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Pro Logic's Center Channel Extraction, Implementation questions
wswartzendruber
post Jul 23 2011, 05:31
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I'm trying to figure out how Pro Logic implements center channel extraction. Looking at how various different types of sine waves combine (a single one into two other ones), I guess I'll need to implement some type of FIR filter. I'm very new to this. It would be nice if this could be done on a sample-by-sample basis.

Any help?
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DVDdoug
post Jul 25 2011, 18:41
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I am having difficulty extracting the common signal between TL and TR. I am doing this in C. Can I get a description of how to do this? Pro Logic is just an example.
Pro Logic Simplified- When the left & right signals are equal in amplitude and in-phase, the signal is steered to the center.

When the signals are equal & out-of-phase, the signal is steered to the rear.

There is more information on Wikipedia and on the Dobly website.

By comparing L, R, L+R and L-R, you should be able to build (or code) a simple steering system. I think the hard part with Pro Logic is getting the time-constants right. (I don't know if the timing information is published.)

wink.gif The simplest way to "extract" the center channel is to use hardware (a Pro Logic receiver or soundcard). If you need a digital copy, you can record it. Last time I searched, the only "user accessable" software Pro Logic decoder I could find was the one included with SurCode ($800 USD).

QUOTE
I'll need to implement some type of FIR filter.
There is a plug-in for Winamp called DSP Centercut, and there is a similar tool in the current beta version of GoldWave. (It's not related to, or compatiible with, Pro Logic.)

If I understand correctly, it uses FFT to break the signal into many frequency bands. Then L+R & L-R operations are performed on each band. By using that information as a "control signal", you can turn-on or turn-off various frequency bands. That allows you to turn-off the center channel information, or turn-off everything except the center channel information.

(L-R subtraction has been used to "remove vocals" for many years, but this method leaves you with a single mono signal.)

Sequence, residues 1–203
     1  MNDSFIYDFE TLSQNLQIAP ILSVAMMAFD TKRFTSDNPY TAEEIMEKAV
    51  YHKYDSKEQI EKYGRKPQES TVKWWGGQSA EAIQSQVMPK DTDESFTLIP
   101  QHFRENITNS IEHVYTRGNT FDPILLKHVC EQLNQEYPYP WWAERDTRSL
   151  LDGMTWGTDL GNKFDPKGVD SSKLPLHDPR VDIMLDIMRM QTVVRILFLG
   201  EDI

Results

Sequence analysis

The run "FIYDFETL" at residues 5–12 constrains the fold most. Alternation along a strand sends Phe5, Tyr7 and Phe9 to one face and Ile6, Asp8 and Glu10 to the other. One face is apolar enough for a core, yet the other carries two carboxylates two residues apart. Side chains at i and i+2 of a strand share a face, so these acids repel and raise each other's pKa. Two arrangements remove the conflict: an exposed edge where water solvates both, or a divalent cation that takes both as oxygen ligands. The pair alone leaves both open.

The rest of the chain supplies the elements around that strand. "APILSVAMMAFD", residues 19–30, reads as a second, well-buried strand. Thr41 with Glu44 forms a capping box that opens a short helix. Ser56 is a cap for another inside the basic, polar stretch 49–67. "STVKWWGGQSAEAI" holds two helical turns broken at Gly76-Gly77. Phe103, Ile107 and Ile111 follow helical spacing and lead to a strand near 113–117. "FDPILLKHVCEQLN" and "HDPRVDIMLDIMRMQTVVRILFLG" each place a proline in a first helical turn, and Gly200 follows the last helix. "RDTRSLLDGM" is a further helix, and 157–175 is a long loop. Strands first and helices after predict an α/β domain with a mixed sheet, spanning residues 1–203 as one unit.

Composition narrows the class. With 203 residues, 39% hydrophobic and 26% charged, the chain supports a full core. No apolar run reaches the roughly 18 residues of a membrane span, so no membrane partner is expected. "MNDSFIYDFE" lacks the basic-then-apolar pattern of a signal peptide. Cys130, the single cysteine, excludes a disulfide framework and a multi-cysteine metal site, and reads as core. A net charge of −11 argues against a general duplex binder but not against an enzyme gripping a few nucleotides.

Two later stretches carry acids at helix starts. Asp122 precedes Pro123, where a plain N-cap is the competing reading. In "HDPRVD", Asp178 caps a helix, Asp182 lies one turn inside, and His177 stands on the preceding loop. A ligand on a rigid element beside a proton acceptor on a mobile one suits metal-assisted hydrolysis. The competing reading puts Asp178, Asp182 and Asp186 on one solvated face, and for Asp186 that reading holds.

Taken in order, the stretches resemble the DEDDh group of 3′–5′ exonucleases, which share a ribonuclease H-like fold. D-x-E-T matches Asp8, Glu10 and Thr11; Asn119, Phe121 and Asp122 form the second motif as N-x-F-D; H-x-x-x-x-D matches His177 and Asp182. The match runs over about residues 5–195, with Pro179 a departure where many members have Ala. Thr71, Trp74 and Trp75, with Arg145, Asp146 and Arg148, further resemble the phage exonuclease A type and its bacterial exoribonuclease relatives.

This post has been edited by DVDdoug: Jul 25 2011, 18:47
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dc2bluelight
post Jul 27 2011, 09:26
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QUOTE (DVDdoug @ Jul 25 2011, 12:41) *
By comparing L, R, L+R and L-R, you should be able to build (or code) a simple steering system. I think the hard part with Pro Logic is getting the time-constants right. (I don't know if the timing information is published.)


Nope, time constants were never published...deliberately. But they were chosen to be "syllabic" in nature, meaning, roughly timed to match single syllables in human speech. In fact, though, they were not perfect anyway, and could cause steering errors. For this reason all Lt/Rt soundtracks were mixed while monitoring through a standard encoder and decoder so that steering logic "errors" could be heard and compensated for. Some referred to these steering errors as "Todd-isms", a friendly nod to Craig Todd of Dolby Labs. They could be compensated for by recording a small sound in advance of the desired sound to pop open the steering logic and get the desired sound to decode to the correct channel.

I have to say, though, it's hard to understand why anyone would spend the effort to synthesize what's already been done and standardized. There is no advantage to a self-designed ProLogic approximation, when the exact thing is available. Remember, ProLogic is a "decoder", that means it must exactly undo what's been done in the recording process. An approximation won't be exact. Trying to reverse engineer ProLogic seems somewhat futile. But, if you look over what's been written here and the material Dolby has, you could come close with enough time, patience, listening tests and DSP coding chops. Meanwhile, every AV Receiver on the market since the mid 1990s has an implementation of ProLogic in it, already matching the standard. If you get one with pre amp outs, you'll have a perfectly decoded and extracted line level center signal. A used receiver with pre outs made any time in the last decade would be just fine.
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